DHS Special Report | Dept. getting a handle on procurement

Eagle, FirstSource vehicles to mesh procurement with enterprise architecture

The Homeland Security Department has reined in the eight disparate procurement offices that had made it nearly impossible to control what kind of technology its directorates purchased.

Following the turf wars that erupted when Congress created the department in 2003'and seven procurement shops arrived with the combined agencies'officials are seeing the fruits of their hard-fought battles. The procurement reforms promise to promote compliance with DHS' enterprise architecture, which will enhance standardization and capabilities for information sharing.

And as the procurement process becomes more efficient, it will increasingly help, rather than hinder, other DHS technology projects.

'From the vendors' perspective, in some cases they have had to knock on eight different doors to ... do business with Homeland Security,' said Mui Erkun, the chief procurement officer's chief of staff.

Staff increase

The headquarters technology purchasing group, the IT Acquisition Center, has grown from three federal employees to more than 30 procurement specialists, according to its director, Daniel McLaughlin.

The staffing increase came about partly as a result of pressure from the department's first chief procurement officer, Greg Rothwell.

ITAC forms part of the department's strategic-sourcing program, which has created 14 commodities councils to centralize purchasing of products ranging from weapons to boats to office supplies.

ITAC's most important projects now are the Eagle and FirstSource procurements. DHS is reviewing industry proposals for both projects.

Eagle and FirstSource replace a now-defunct $5 billion centralized procurement plan known as Security, Planning and Integrated Resources for Information Technology. DHS cancelled Spirit in August 2004, about a year into the project.

Eagle, also known as Enterprise Acquisition Gateway for Leading Edge solutions, is intended for agencywide IT support services. Industry analysts peg Eagle's value at $6 billion annually.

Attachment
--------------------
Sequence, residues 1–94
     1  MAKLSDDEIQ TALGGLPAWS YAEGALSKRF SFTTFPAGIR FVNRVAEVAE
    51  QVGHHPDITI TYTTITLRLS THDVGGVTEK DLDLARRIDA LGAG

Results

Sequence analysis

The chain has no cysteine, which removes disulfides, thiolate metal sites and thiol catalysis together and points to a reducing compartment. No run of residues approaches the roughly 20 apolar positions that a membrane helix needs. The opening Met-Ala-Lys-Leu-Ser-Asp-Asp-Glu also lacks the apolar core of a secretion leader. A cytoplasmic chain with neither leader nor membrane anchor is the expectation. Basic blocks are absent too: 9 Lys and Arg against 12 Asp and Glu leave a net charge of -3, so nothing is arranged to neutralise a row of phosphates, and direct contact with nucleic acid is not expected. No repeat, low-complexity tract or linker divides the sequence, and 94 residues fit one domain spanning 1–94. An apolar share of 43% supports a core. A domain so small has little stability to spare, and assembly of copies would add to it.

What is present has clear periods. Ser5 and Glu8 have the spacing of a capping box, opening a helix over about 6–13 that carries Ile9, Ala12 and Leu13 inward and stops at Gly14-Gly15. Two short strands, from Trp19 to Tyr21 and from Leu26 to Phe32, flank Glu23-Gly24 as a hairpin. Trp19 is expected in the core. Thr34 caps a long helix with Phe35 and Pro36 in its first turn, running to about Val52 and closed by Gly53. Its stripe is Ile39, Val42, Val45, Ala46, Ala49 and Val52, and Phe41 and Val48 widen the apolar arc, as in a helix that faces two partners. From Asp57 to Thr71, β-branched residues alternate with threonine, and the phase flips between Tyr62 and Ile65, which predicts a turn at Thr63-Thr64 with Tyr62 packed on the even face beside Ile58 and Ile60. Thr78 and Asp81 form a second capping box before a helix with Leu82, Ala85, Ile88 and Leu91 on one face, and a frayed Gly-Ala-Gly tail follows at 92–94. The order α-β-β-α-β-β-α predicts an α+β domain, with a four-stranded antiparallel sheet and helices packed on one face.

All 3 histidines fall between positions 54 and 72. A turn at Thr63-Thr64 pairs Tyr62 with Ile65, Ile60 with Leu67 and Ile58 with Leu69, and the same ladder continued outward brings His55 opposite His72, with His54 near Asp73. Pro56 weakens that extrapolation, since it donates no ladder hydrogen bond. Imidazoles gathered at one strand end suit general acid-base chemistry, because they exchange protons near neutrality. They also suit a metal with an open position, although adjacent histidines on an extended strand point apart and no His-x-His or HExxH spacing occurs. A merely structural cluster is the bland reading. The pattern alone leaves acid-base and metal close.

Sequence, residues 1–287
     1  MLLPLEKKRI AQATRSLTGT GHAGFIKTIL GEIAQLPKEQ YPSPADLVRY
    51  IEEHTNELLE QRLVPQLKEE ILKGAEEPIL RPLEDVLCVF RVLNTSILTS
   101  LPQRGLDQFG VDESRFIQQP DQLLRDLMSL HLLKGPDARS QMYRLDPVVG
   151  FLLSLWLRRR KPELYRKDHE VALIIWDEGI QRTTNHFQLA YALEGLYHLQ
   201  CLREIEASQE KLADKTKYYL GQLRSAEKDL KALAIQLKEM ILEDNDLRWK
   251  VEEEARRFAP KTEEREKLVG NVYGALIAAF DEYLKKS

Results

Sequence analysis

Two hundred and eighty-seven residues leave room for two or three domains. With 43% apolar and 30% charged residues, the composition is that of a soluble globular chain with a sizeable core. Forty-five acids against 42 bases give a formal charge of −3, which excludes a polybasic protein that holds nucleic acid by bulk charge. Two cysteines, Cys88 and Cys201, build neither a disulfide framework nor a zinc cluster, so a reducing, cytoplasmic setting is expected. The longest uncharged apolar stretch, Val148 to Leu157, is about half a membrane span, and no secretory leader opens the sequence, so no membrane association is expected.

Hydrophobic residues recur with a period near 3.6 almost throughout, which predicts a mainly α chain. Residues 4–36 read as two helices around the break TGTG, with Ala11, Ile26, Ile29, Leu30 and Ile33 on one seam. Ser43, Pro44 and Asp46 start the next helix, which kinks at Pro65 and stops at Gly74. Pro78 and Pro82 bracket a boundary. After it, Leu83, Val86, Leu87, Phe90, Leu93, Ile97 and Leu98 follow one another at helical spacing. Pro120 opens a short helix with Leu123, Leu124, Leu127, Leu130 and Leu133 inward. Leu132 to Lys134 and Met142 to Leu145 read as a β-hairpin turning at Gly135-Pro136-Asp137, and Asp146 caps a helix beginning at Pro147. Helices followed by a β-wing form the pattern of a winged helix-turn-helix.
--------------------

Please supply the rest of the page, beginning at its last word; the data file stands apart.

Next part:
FirstSource, which industry sources estimate at $2 billion annually, will become DHS' vehicle for buying technology commodities.

All DHS purchasing offices will use Eagle and FirstSource, although they will also be permitted to use other contract vehicles. A loophole in the contract will permit other, non-DHS agencies to use the contracts as well. Though not a governmentwide acquisition contract, a provision says any agency with a homeland security need may purchase products or services off the schedule.

The two contracts will let agencies structure competitive procurements from approved vendors and then issue task orders for specific IT goods and services.

Taken together, Eagle and FirstSource could consolidate as much as 90 percent of the department's technology purchasing. Both contracts will limit their offerings to goods and services that comply with the department's enterprise architecture.

As the department has reinforced ITAC's ranks, the purchasing office has gained the ability to manage more of DHS' procurement work and reduce its reliance on outside agencies for acquisition services. Officials and vendors alike say bringing more procurement in-house has reduced the department's IT acquisition costs and given it more control over the process.

Vendors have noticed the increased effectiveness. Judy Marks, president of Lockheed Martin Transportation Security Solutions said, 'I think we have seen more and more streamlined procurement process as DHS has matured.'

On a similar note, Bruce Walker, Northrop Grumman Corp.'s vice president for homeland security strategy, said, 'I think the procurement activities in the department's initial phase were a real challenge. It was a swirling maelstrom. ... Plus, there were so many systems that had to be stood up, including e-mail, archiving, document systems, account, supply, personnel finance and budgeting. There are a number of those that are in pretty good shape, and some are still works in progress.'

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